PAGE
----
The President of the Sixth Review Conference of the Nuclear Non-Proliferation Treaty (NPT), Ambassador Abdallah Baali of Algeria, finally brought his gavel down on the adoption of a final document containing the consensus views and objectives of representatives of the Treaty's 187 parties on nuclear disarmament and non-proliferation. Despite being more than 24 hours later than scheduled following several sessions that extended deep into the night, there was applause and relief that the NPT review conference, the first since the Treaty was indefinitely extended in 1995, had ended so well. The successful conclusion was viewed as a triumph for the non-nuclear weapon states (especially the New Agenda Coalition of Brazil, Egypt, Ireland, Mexico, New Zealand, South Africa and Sweden) who had effectively pushed through an unequivocal undertaking and next steps on nuclear disarmament, and for the Conference President, whose determination to produce a success, refusal to give up, and personal style of (exhausting) management forced opposing sides to deal with each other and compromise -- or miss their planes and another night's sleep!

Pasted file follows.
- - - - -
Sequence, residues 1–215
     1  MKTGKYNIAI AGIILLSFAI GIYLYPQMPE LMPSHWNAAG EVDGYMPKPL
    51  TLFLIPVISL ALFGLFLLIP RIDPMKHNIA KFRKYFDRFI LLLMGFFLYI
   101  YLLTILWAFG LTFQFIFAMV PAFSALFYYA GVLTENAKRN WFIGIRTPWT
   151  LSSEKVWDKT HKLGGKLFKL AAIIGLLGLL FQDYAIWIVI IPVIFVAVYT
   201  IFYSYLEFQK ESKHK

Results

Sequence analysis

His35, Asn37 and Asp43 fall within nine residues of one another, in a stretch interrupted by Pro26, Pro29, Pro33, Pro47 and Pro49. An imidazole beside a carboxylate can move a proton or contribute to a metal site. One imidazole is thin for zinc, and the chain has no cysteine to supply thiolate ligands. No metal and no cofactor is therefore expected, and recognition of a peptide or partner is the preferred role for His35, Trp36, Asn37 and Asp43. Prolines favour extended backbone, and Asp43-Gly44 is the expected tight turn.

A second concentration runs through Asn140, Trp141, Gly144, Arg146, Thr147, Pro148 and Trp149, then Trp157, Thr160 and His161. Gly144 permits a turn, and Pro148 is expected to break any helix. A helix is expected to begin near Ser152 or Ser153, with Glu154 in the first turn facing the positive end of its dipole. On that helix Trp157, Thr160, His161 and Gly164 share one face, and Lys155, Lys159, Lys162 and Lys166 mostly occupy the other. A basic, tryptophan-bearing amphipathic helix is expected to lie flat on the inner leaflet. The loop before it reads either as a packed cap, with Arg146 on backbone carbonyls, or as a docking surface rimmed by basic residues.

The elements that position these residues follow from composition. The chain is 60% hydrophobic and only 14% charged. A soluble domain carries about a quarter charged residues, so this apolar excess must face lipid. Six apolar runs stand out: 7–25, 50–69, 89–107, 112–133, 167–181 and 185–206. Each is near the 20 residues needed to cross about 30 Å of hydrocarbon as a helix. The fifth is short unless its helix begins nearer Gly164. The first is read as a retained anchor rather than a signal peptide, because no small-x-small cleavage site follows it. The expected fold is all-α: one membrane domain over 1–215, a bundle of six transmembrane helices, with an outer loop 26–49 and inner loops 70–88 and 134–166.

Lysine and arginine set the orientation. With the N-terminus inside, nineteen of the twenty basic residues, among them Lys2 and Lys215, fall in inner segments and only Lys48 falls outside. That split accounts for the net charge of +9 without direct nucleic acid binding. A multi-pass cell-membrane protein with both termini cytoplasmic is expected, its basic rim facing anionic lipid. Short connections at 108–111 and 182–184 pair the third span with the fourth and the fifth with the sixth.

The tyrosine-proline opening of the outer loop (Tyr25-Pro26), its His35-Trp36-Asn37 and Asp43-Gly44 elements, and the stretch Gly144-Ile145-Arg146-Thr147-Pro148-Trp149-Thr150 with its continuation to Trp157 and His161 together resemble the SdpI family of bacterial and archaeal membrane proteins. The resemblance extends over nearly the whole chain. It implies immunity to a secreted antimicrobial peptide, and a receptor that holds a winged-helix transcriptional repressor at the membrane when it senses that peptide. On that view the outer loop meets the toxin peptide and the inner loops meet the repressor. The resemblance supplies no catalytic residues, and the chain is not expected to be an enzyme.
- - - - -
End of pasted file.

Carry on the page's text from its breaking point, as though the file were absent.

The clock had to be stopped at ten to midnight on Friday May 19, as diplomats continued to struggle to resolve the stand-off between the United States and Iraq over how to describe Iraq's non-compliance under the Treaty. In addition to assessing the implementation of the Treaty over the past five years, the Conference adopted an important agreement on practical next steps for nuclear disarmament, which had been negotiated between the five nuclear weapon states (Britain, China, France, Russia and the United States) and the key group of 'New Agenda' non-nuclear weapon countries from Africa, Latin America, the Pacific and Europe. Because of long-standing disagreements between the nuclear and non-nuclear weapon states over the fulfilment of disarmament obligations, previous Conferences since 1985 were unable to gather consensus to adopt their final documents. The 2000 Review Conference's achievement is all the more remarkable for taking place at a time of impasse in the disarmament field and deep political divisions between some of the nuclear powers, especially over the ABM Treaty and NATO expansion.